Sugar production could suffer major decline
Delays in accessing funds promised by Government and extended drought conditions and fires this year could result in a major decline in sugar production in 2015.
Managing director of Sunbury and Hampton Plantations in St Philip and Colleton Plantation in St John, Richard Armstrong, made this dire prediction during an interview with Barbados TODAY.
Under an arrangement with Government, through the Barbados Agricultural Management Company Ltd (BAMC), sugar farmers expected to receive $110 to $120 per tonne of cane reaped this year.
However, Armstrong said that they have so far only received half of what they need to carry out the planting of the canes, purchase fertilizers and debush the cane fields, even though the planting season is well on its way.
“This year, we were paid $60 per tonne of cane with the understanding that we would be paid the additional $60 at the end of the crop. This would have allowed us to pay for herbicides, fertilizers, pay wages and do whatever is necessary to prepare for the 2015 crop, but so far it has not been disbursed,” he lamented.
“It is more than necessary that we receive this extra $60. Some of us, on the promise that we would have received this money, have gone on and carried out the planting. In the past, the plantations used to take the risk and finance the planting of the canes with the hope that they would receive the money spent. However, with the price of sugar dropping on the world market it has become difficult to pay for the services up front.”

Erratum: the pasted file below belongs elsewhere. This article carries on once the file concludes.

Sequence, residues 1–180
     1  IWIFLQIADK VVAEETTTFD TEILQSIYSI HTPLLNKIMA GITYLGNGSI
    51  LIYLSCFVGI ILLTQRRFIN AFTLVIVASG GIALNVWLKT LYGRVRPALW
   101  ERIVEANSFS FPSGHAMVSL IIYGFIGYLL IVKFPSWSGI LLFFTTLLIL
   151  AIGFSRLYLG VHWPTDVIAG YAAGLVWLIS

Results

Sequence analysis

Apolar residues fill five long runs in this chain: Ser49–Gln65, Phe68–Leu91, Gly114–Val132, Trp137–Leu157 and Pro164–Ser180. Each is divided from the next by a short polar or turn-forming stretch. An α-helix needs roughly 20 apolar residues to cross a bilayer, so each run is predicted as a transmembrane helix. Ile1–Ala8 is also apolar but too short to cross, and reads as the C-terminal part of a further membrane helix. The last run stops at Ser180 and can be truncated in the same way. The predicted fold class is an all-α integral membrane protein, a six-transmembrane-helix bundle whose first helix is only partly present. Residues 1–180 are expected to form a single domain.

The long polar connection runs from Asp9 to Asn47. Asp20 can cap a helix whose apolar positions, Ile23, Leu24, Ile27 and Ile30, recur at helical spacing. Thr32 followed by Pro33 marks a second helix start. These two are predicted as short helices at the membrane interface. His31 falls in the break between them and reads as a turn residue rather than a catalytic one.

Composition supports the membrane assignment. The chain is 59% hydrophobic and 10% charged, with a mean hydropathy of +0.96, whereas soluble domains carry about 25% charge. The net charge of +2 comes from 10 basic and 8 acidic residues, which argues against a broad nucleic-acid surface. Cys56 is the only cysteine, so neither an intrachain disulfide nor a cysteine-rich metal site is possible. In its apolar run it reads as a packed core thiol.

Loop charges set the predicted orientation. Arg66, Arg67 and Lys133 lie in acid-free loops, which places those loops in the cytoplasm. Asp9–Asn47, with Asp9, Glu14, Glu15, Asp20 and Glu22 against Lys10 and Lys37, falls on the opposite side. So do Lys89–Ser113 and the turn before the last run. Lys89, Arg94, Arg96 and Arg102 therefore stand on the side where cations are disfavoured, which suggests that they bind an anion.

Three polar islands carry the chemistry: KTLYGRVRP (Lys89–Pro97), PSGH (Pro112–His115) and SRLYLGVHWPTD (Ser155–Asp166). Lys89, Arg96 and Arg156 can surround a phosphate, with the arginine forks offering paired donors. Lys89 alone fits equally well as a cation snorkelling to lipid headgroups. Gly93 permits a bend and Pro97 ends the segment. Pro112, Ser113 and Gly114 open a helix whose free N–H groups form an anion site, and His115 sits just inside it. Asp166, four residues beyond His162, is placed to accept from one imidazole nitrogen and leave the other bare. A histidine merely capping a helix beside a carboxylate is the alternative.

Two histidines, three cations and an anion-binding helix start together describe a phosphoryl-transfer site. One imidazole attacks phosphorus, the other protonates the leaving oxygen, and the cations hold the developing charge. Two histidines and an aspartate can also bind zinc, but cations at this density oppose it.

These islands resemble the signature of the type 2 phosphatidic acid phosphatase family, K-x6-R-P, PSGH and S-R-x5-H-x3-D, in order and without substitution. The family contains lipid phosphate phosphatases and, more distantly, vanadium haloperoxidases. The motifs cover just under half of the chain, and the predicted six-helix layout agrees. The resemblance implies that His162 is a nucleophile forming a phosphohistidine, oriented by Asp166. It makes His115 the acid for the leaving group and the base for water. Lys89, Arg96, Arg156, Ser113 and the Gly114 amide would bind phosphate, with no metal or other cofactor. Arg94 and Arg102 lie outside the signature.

Armstrong urged the authorities to take action urgently to ensure the sugar industry can reap the necessary benefits.
“In agriculture, you need to do what you have to do when you have to do it. You cannot leave the spraying of bush in your fields for two weeks if the rain is falling. When you come to do it, either it would not be done properly or you would be wasting your money. If you do not apply your fertilizer at a specific time it does not make any sense applying it because the plant will not benefit from what you have done. People have to realize that in agriculture funding needs to be done on time,” the plantation owner added.
Armstrong also expressed concern that Barbadians have failed to appreciate the vital role of the sugar industry.
He suggested that unless there was a change in the mindset, the industry would not be given the respect and support it deserves.
The planter said not only is the industry economically beneficial, but it has environmental benefits that people have not acknowledged.
“People are short-sighted when it comes to the sugar industry, in terms of what the island gains from it. I have heard many people on the call-in programmes complaining about the number of caterpillars, butterflies and worms that are destroying their cabbage and plants in general. It is nothing more than the simple fact that so little cane is being planted that the island is overrun with bush,” Armstrong contended.
“In the past, when Barbados was like a garden with every piece of available land being properly farmed, you never had these problems. You only have to take a drive through
St John and St George and you would see once well-cultivated arable land being overrun with bush.”
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